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There are a lot of telescopes on the market, and not all of them are good. Sure, a good percentage of them are decent telescopes and even some of the weaker entries might be good enough for 90% of people’s basic viewing needs (such as of the Moon and Bright Planets). But there are a lot of telescopes that, even if functional, are simply not worth the money you pay for them. Here are some of the of warning signs of a bad telescope that you can determine without having to do full optical analysis:

This is actually not one of the worst offenders we have seen.

This is actually not one of the worst offenders we have seen.0

1) Large magnifications listed on the box!

You’ll see this on a lot of department stores – they list huge magnifications on bright letters and those numbers are mighty big for a small telescope. Numbers like “640X” or “1280x” a all over the box, trying to impress the customer.

Fact is, a telescope, no matter how well made, should not be magnifying more than 50x per inch or 2x per millimeter of aperture. This is why advanced astronomers use bigger, wider telescopes.

2) Voyager, Hubble, Cassini and Apollo images used on the boxPillarsofcreation

This is another bad sign. You can get decent views of celestial objects in your telescope but trust us when we say they will not resemble the images sent back to Earth by NASA’s multi-million dollar space probes, orbiting telescopes, and Lunar Landers. We’ve seen the famous Pillars of Creation appear on more than one cheap telescope box. This is very amusing as the Pillars of Creation are just one small portion of the Eagle Nebula. And while the Eagle nebula is a very impressive thing to view in your own telescope it is probably too faint for most beginner’s telescopes and even in larger telescopes it looks a bit less detailed and colorful than the Hubble image.

3) Long Focal Length, short tube

Shame! Shame!

Shame! Shame!

This one is a lot more subtle, and unfortunately a lot of better telescope companies do it. You might spot a decent diameter reflector telescope with a fairly short looking tube. But when you look at the specifications it says the focal length is 1000mm (1 Meter) long! That doesn’t make sense! Yes you can get that kind of focal length in an expensive Cassegrain telescope but not from a beginner model unless….

…unless they cheat. To get more impressive magnification figures and also get away with using a cheaper mirror what the manufacturer does is they insert a fixed Barlow lens ( a negative lens used to increase the magnification of eyepieces) into the eyepiece holder. This is a poor way to cover for a cheaper mirror and it has the side effects of not letting you use the eyepieces and barlow lenses that you would prefer to use (since they already permanently shoved a piece of glass in the tube. In addition the telescope will also now be much harder to collimate (an alignment of the mirror that needs to be done with reflector telescopes from time to time)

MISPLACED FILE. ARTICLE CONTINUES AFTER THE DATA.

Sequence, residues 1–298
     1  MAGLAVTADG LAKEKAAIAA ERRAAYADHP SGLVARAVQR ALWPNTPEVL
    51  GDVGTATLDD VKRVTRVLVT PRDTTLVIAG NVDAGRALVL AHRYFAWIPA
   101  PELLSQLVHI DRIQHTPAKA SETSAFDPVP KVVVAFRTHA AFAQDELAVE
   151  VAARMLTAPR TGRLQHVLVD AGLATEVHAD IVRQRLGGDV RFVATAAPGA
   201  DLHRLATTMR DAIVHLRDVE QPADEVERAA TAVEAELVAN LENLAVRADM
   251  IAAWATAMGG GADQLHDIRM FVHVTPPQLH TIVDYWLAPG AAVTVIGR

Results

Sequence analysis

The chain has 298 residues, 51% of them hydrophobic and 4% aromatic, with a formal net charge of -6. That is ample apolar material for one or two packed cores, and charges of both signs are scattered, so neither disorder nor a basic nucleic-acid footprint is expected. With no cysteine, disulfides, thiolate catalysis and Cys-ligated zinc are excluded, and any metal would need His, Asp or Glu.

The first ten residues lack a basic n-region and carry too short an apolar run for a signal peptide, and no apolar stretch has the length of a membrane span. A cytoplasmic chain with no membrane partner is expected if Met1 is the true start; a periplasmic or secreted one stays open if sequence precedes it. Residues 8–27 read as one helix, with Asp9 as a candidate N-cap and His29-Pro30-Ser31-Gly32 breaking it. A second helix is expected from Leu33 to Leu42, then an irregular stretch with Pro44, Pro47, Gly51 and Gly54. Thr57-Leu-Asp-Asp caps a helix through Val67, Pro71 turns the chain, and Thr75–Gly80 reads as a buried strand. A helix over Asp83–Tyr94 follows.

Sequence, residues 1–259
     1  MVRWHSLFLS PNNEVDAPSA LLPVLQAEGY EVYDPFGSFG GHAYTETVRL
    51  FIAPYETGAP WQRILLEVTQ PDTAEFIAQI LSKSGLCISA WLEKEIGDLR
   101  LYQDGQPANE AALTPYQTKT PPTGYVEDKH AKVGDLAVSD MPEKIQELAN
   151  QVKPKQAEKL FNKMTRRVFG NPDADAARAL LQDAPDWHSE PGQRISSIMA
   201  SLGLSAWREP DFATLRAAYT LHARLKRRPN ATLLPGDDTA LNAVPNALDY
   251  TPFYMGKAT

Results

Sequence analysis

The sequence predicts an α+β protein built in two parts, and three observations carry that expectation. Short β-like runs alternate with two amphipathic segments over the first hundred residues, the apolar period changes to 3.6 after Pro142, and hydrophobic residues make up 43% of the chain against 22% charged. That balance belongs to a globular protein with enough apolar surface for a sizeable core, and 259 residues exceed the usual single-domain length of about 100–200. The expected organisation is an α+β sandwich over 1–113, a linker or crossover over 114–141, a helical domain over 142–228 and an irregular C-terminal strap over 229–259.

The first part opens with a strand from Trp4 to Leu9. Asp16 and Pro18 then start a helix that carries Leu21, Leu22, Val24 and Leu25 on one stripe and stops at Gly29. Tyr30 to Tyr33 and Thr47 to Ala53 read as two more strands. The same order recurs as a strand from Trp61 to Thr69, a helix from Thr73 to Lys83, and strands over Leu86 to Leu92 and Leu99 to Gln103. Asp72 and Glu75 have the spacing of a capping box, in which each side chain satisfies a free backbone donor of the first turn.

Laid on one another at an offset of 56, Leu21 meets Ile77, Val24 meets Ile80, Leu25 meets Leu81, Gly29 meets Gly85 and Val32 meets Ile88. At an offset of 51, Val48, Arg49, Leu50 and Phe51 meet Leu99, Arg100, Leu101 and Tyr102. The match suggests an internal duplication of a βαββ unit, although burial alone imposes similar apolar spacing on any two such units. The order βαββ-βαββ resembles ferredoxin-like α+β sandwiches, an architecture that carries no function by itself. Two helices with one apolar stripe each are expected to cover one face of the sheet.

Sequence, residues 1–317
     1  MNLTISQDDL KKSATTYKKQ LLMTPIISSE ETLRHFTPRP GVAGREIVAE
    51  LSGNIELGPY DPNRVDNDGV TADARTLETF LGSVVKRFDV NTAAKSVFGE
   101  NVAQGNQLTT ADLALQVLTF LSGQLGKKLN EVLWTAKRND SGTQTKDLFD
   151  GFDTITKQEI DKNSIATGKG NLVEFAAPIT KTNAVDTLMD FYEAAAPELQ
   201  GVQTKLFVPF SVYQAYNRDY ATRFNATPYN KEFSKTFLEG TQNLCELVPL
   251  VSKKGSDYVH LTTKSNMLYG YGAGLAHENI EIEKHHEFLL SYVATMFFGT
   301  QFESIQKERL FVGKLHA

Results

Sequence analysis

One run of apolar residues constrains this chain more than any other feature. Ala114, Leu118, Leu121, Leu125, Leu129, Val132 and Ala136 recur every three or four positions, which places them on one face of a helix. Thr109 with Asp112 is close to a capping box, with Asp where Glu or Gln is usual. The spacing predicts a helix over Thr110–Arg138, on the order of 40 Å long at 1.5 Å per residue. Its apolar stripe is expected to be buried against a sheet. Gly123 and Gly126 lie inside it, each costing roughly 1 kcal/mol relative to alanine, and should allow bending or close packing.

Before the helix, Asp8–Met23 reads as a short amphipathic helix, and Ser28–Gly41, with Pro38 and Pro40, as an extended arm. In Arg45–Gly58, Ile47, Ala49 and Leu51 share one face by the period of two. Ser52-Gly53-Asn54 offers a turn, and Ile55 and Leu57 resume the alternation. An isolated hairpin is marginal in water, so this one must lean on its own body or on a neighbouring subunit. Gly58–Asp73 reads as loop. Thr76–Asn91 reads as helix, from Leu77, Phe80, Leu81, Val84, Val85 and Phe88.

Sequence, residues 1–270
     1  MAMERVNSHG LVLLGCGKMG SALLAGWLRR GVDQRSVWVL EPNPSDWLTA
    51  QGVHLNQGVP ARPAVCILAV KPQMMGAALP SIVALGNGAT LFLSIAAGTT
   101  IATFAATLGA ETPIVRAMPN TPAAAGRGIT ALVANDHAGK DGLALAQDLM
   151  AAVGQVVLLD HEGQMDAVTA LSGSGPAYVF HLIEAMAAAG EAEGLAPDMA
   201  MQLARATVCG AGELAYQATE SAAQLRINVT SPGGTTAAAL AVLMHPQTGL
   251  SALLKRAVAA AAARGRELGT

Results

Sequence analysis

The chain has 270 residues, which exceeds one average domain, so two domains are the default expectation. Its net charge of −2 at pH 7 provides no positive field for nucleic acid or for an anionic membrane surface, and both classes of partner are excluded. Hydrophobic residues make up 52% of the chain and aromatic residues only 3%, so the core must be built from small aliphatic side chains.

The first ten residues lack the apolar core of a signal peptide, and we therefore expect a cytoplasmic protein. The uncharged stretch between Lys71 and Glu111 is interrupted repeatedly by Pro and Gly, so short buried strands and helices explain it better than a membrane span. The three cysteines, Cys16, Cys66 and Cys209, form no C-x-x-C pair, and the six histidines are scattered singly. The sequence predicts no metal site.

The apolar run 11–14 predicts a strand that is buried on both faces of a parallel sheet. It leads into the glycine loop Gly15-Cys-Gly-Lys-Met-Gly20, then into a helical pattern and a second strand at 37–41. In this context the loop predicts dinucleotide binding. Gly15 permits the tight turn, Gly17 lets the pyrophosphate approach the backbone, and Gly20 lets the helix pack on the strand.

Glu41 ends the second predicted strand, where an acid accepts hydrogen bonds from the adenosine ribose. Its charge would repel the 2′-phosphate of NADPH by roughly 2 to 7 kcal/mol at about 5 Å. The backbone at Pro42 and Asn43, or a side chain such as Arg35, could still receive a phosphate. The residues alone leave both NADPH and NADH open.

4) Excessive Number of Accessories, all of them small, all of them plastic

 Almost all telescopes will come with some accessories, and some of them may come with more.  A typical loadout will be two eyepieces and with a new reflector some kind of diagonal (to ease in viewing through the telescope). Some other models and companies may add a few other items to “sweeten the pot” such as a barlow lens or moon filter.

 But far too many cheap telescopes will pile on multiple accessories with plastic bodies and plastic lenses. These are piled on to make the telescope seem like a better deal or give it that higher magnification that you read on the box in #1. With the cheap telescopes you can get 3-4 bad eyepieces (ones that use 17th century optical designs – only ones made with plastic instead of glass) , a cheap barlow lens , a cheap ‘image erector (that brings the image right-side up and probably also increases the magnification to boot), and then for good measure a moon filter (made of cheap green plastic or glass instead of a neutral density filter) and in the worst cases a thread-on solar filter. If you see one of those, throw it away. Never use it.

5) Oh those Spindly legs!

OK, so most of us probably have some kind of small camera tripod that we used with our old auto-focus digital camera. They did the job, were inexpensive, and cheaplegsthey collapsed into almost nothing when they were not in use. They were great for the job.

They were not designed to hold telescope tubes.

Many cheap telescopes use barely converted camera tripods to hold the tubes up. Now while there are plenty of strong camera tripod legs on the market these are not them.  The legs bend easily, they shake with the slightest provocation, and have problems with balance. Look for a telescope with good solid legs. A good indicator is when the legs are collapsed the extensions slide in beside each other, not into the section above them.

6) Use of the term ‘professional’ on the box

OK, the use of the term “professional” is abused in a lot of fields, but in astronomy it is just plain wrong. First of all actual professional astronomers rarely operate optical telescopes. They will operate radio telescopes, or work with digital imaging telescopes, or infrared, X-ray, etc. The use of optical telescopes is pretty much relegated to amateurs. But do not feel bad about that term, in astronomy the amateurs do almost as much as the professionals in some ways. Most comets, for example, have been found by “amateurs”.

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